Deputy Director General for Partnership and Capacity Development, Dr Kenton Dashiell said expanding the consumption of soybeans which he tagged “golden beans” would have a positive impact on the nutrition of women and children in Africa, adding, “To tackle malnutrition, we need to promote the use and consumption of soybean.”
He said in Africa, malnutrition, particularly protein deficiency is widespread and animal protein is, often times, too expensive for most populations. Many legumes provide some protein, but soybean is the only available crop that provides an inexpensive and high-quality source of protein comparable to meat, poultry, and eggs, adding that Africa needs to take advantage of the crop to drive sustainable development and agricultural transformation.
Dr Marilyn Nash, Program Coordinator, National Soybeans Research Laboratory at the University of Illinois, described soybean as a ‘’miracle bean’’ because of its high nutritional value, adding that Nigeria has the potential of becoming a global leader in the cultivation and processing of soybeans.
Dr Gbassey Tarawali, Head of IITA Abuja station urged food manufacturers to harness the potential of the crop, saying, “Africans only know about production of soybean and we do not understand that it is an excellent source of micronutrients,” he said.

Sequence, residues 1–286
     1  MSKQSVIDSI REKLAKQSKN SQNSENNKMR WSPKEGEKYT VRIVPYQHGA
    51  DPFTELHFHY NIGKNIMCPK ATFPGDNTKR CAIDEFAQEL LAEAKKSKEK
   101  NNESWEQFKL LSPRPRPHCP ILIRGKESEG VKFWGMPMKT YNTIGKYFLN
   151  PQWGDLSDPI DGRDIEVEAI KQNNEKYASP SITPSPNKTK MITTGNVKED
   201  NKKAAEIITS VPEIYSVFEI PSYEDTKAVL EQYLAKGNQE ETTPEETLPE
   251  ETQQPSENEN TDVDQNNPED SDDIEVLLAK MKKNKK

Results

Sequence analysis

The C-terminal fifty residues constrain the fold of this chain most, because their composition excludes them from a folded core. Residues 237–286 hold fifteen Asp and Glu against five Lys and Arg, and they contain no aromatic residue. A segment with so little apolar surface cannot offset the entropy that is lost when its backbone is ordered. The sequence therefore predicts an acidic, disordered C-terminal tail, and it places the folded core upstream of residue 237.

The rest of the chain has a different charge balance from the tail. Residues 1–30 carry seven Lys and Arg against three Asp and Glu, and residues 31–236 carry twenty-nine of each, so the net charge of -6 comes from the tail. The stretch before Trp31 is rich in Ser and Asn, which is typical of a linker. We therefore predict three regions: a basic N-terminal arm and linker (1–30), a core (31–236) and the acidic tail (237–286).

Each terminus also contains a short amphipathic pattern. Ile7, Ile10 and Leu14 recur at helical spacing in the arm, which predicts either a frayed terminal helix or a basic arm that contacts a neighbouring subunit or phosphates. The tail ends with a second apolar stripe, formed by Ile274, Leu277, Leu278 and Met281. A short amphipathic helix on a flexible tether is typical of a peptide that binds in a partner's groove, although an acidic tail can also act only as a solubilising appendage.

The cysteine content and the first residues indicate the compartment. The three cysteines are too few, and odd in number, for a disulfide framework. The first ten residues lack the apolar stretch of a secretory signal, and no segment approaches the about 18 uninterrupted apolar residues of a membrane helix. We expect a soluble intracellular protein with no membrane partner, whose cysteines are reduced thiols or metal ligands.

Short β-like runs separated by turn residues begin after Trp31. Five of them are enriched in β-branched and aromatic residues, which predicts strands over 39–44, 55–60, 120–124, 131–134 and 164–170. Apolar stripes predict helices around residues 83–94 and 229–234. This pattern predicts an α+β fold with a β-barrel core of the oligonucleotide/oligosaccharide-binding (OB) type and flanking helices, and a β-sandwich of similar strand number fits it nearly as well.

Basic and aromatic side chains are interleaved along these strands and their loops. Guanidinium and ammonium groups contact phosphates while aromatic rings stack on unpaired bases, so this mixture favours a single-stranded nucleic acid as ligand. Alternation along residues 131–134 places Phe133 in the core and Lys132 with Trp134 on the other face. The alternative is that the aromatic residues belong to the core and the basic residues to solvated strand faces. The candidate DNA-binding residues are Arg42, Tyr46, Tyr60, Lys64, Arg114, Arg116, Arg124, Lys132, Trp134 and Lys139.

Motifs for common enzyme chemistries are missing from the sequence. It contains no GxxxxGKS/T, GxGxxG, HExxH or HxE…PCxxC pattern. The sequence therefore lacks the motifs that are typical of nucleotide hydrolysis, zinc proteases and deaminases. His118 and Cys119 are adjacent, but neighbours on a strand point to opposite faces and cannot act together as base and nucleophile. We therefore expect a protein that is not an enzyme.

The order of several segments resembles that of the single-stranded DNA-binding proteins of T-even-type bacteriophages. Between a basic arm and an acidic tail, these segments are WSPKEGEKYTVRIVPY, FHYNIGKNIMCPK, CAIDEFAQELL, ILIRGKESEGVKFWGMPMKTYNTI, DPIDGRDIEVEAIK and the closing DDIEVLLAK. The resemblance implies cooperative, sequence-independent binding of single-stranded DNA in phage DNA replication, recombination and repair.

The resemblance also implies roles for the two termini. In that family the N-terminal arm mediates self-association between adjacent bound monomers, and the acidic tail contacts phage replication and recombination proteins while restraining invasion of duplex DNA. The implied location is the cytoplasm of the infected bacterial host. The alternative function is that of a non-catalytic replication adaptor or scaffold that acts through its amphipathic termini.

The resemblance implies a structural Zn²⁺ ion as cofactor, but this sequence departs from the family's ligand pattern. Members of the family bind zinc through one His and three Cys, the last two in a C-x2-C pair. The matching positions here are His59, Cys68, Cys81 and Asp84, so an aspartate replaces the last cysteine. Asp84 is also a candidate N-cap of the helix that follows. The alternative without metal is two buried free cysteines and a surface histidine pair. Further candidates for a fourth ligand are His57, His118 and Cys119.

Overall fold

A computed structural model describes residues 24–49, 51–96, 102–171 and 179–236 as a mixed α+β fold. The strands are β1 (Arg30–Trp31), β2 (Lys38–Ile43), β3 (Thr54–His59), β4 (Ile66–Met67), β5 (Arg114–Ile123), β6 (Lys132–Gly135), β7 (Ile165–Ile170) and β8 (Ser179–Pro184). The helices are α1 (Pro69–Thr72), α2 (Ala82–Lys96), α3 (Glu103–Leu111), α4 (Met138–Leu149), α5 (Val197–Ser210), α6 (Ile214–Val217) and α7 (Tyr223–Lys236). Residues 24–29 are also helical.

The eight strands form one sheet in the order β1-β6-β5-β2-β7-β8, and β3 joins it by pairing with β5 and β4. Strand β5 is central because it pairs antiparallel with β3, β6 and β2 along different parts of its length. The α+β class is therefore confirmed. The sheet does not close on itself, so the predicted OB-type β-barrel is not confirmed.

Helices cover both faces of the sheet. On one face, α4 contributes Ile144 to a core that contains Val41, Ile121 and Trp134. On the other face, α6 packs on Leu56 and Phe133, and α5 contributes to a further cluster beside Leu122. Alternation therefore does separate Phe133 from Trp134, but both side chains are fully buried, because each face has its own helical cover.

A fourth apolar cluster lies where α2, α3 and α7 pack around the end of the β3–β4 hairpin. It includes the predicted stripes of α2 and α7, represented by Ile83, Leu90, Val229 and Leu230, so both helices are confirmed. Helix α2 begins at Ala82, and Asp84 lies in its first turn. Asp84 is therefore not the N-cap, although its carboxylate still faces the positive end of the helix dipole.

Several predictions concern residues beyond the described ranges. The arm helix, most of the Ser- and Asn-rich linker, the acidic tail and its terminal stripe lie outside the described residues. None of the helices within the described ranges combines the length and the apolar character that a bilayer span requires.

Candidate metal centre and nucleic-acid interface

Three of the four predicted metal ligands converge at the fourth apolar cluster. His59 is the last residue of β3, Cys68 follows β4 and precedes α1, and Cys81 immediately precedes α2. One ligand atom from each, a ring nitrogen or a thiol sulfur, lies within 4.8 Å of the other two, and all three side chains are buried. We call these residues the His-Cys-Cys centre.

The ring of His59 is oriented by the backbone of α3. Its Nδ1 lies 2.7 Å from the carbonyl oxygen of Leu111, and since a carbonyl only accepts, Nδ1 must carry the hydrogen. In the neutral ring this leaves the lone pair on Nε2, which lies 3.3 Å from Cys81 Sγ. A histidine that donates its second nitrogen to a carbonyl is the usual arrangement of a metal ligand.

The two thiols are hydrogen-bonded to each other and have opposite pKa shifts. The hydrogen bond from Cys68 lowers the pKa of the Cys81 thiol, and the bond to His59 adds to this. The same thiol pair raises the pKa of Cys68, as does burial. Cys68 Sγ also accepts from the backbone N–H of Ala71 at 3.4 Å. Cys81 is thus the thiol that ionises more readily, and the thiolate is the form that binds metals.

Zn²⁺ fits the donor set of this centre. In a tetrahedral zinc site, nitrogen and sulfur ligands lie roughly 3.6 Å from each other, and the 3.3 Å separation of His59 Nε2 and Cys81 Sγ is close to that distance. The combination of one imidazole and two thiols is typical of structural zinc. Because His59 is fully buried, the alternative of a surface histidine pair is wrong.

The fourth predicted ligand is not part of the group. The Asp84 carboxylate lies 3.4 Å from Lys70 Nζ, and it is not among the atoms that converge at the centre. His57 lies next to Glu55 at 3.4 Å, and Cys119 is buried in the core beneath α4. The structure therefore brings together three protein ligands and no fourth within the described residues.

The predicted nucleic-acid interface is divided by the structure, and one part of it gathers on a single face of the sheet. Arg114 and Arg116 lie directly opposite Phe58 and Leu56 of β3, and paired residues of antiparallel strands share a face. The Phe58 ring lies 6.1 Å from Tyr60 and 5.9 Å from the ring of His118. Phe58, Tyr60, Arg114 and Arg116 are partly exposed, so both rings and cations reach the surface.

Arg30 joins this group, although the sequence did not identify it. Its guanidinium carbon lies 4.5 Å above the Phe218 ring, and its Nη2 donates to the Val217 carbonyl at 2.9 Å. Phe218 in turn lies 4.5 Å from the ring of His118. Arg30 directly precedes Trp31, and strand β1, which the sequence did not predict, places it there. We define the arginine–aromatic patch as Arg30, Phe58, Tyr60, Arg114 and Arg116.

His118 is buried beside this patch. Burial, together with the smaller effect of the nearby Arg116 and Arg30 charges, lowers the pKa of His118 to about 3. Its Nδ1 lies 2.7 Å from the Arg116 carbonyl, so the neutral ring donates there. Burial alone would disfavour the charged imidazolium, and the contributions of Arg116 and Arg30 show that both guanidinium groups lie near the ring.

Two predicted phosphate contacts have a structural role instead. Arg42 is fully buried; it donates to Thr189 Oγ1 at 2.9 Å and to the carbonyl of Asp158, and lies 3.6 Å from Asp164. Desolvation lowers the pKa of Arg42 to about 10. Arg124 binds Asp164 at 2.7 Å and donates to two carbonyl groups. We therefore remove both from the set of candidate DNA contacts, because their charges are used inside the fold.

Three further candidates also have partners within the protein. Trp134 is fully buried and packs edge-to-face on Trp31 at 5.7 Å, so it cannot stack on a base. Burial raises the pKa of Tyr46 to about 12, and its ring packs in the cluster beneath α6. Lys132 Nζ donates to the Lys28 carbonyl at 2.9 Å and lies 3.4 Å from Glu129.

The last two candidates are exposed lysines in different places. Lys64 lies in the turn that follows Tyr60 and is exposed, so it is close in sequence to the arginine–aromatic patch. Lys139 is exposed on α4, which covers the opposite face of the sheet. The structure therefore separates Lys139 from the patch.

Tarawali added that blending soybean with maize, millet, and sorghum is good for consumption as they can help increase the protein quality of the food consumed.
He said in Africa, dry soybeans are used to produce milk substitutes and flour. The bean curd is fried and eaten as a snack or breakfast food.
Dr Gloria Elemo, the Director-General, Federal Institute of Industrial Research (FIIRO), Oshodi, said that the valuable potential of the crop had not been maximally utilized in the country. She explained that the crop could be made into a number of nutritious, ready-to-consume products as well as intermediate products.
Participants at the workshop called on African governments and in particular, Nigeria, to accord the “miracle crop” priority under the agricultural transformation agenda. They were of the view that the nutritional value of soybean made it an important crop which governments should invest in for the attainment of food security as well as raising the health standard of the people.
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